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After GOP landslide of Election 2010, what next for Obama?

Election 2010 voters sent a strong message of discontent to President Obama on the economy. They also handed him a big political challenge: work toward greater bipartisanship.

By Staff writer / November 3, 2010

Rep. John Boehner (R) of Ohio celebrates the GOP's victory that changes the balance of power in Congress and will likely elevate him to speaker of the House, during an election night gathering in Washington, on Nov. 2.

Cliff Owen/AP



The Republican Party has swept the Democrats out of power in the House and gained seats in the Senate, sending a strong message of voter discontent to President Obama on the economy.

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Republicans scored at least a 60-seat gain in the House, the biggest partisan shift since the Democrats gained 75 House seats in 1948. In the Senate, the Republicans fell short of the 10 they needed to take control, and failed to capture their most-hoped-for quarry: the seat of Senate majority leader Harry Reid (D) of Nevada, who defeated tea partyer Sharron Angle by five percentage points. It is the first time in 80 years that the House has changed hands without the Senate following.

The historic wave that makes Rep. John Boehner (R) of Ohio the expected next speaker of the House also hands Mr. Obama the biggest challenge of his political career. Suddenly, the president has no choice but to work toward his unfulfilled 2008 campaign promise of greater bipartisanship. The alternative is gridlock and the appearance of ineffectiveness. But if Obama concedes too much to the Republicans, he risks losing the support of his Democratic base when he runs for reelection in 2012, as expected.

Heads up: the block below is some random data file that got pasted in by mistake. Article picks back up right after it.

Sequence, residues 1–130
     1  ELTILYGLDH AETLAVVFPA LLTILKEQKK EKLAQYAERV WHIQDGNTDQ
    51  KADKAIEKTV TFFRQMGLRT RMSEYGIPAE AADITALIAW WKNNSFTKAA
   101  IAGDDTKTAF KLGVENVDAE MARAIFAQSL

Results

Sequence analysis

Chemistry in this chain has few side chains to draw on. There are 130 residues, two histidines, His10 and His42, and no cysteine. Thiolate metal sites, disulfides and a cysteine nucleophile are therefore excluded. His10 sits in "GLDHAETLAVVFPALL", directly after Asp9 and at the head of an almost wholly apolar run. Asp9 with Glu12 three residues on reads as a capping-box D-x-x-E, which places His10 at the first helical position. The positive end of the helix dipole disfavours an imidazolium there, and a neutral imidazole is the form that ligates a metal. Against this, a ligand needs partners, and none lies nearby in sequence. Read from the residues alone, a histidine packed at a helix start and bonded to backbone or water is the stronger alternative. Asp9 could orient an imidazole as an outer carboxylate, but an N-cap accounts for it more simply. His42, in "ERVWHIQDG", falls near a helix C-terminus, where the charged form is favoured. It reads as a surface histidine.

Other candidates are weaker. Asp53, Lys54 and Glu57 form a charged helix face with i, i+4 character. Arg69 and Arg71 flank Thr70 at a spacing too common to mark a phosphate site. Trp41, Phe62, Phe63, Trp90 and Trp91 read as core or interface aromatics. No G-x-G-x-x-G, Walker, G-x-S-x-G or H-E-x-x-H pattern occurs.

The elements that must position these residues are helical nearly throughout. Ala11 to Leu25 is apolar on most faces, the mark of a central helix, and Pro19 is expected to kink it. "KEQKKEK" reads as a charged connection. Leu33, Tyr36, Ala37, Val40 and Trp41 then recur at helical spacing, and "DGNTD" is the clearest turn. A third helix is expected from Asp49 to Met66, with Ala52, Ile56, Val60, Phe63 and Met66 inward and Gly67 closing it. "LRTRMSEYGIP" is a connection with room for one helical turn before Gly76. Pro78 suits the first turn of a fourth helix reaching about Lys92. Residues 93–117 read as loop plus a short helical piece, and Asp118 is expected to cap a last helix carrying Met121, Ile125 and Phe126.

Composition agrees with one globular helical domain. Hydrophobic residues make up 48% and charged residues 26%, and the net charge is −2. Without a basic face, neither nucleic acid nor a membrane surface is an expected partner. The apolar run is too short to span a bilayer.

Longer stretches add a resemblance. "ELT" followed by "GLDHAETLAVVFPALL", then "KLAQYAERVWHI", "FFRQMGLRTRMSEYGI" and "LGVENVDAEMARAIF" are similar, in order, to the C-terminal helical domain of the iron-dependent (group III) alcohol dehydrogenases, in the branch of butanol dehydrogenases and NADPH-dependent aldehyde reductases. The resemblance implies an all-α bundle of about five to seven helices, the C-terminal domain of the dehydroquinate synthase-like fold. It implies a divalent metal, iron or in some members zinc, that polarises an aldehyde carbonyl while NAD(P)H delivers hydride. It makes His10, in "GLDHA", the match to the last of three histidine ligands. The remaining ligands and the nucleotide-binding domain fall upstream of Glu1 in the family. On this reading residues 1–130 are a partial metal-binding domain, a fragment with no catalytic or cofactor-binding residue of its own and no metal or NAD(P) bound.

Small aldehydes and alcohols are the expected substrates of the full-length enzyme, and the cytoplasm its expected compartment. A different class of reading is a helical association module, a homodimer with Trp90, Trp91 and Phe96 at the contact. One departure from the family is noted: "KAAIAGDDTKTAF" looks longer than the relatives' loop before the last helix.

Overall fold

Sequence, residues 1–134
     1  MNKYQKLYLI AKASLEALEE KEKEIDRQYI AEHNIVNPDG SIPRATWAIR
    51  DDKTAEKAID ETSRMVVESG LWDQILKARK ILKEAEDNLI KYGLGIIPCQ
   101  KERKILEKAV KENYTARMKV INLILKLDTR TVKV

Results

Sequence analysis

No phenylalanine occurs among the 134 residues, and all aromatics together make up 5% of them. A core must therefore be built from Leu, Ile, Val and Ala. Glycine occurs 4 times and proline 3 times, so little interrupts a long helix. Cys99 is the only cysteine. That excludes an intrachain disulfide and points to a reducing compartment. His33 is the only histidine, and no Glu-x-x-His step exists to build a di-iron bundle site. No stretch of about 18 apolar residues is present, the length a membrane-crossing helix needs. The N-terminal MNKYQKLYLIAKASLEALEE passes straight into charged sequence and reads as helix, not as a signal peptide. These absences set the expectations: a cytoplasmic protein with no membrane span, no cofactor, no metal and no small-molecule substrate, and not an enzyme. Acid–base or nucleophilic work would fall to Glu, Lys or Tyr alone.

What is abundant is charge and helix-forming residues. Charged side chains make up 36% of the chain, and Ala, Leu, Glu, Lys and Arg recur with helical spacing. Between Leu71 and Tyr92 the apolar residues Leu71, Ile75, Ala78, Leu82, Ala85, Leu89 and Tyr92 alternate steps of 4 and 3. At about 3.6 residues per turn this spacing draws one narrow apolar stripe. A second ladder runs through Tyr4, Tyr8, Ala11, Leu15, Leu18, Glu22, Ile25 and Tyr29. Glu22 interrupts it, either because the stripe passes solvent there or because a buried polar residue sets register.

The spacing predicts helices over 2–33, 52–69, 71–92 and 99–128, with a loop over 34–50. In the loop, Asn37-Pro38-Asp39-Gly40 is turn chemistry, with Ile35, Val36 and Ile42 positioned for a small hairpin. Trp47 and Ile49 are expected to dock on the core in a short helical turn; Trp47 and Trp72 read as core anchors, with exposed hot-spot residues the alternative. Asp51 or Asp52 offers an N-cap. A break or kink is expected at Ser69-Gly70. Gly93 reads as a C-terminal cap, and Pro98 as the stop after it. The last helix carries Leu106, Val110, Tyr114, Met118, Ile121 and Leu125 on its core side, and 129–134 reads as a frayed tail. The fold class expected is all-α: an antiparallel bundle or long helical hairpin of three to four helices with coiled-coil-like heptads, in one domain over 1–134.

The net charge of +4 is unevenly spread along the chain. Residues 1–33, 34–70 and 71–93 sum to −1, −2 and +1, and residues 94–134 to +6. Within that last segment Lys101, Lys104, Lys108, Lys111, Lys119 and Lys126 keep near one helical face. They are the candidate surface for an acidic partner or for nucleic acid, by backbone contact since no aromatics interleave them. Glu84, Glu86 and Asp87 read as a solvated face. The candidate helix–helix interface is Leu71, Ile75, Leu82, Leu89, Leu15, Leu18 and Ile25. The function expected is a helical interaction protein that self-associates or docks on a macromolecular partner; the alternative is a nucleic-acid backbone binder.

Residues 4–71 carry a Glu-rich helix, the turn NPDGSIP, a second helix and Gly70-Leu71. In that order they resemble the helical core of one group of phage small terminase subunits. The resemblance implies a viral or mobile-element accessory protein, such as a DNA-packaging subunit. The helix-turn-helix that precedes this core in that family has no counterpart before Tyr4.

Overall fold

All eyes will be on Obama Wednesday at 1 p.m. EST, when he holds a press conference in the East Room of the White House. Tuesday night, Obama phoned both Congressman Boehner and Senate Republican leader Mitch McConnell to say he was looking forward to working with them and the Republicans “to find common ground, move the country forward, and get things done for the American people,” according to the White House.

Obama finds himself in straits similar to those of President Clinton in 1994, the last time the Democrats lost their congressional majority. Mr. Clinton adapted, becoming a skilled “triangulator” as he tacked to the political center, and won reelection easily two years later. More important, the economy had improved by 1996. For Obama, a brighter economic picture remains the most significant ingredient needed for reelection, but if he can master the new reality of divided government, Americans will feel more comfortable about handing him four more years.

The key for both parties is that they learn the right lessons from the landslide of 2010. For congressional Democrats, the message is obvious: What you’re doing isn’t working, you’re out. For Republicans, the danger of misreading is greater. Pre-election polls consistently showed that voters were equally unhappy with both parties, and were voting more against the party in power, the Democrats, than for the opposition Republicans.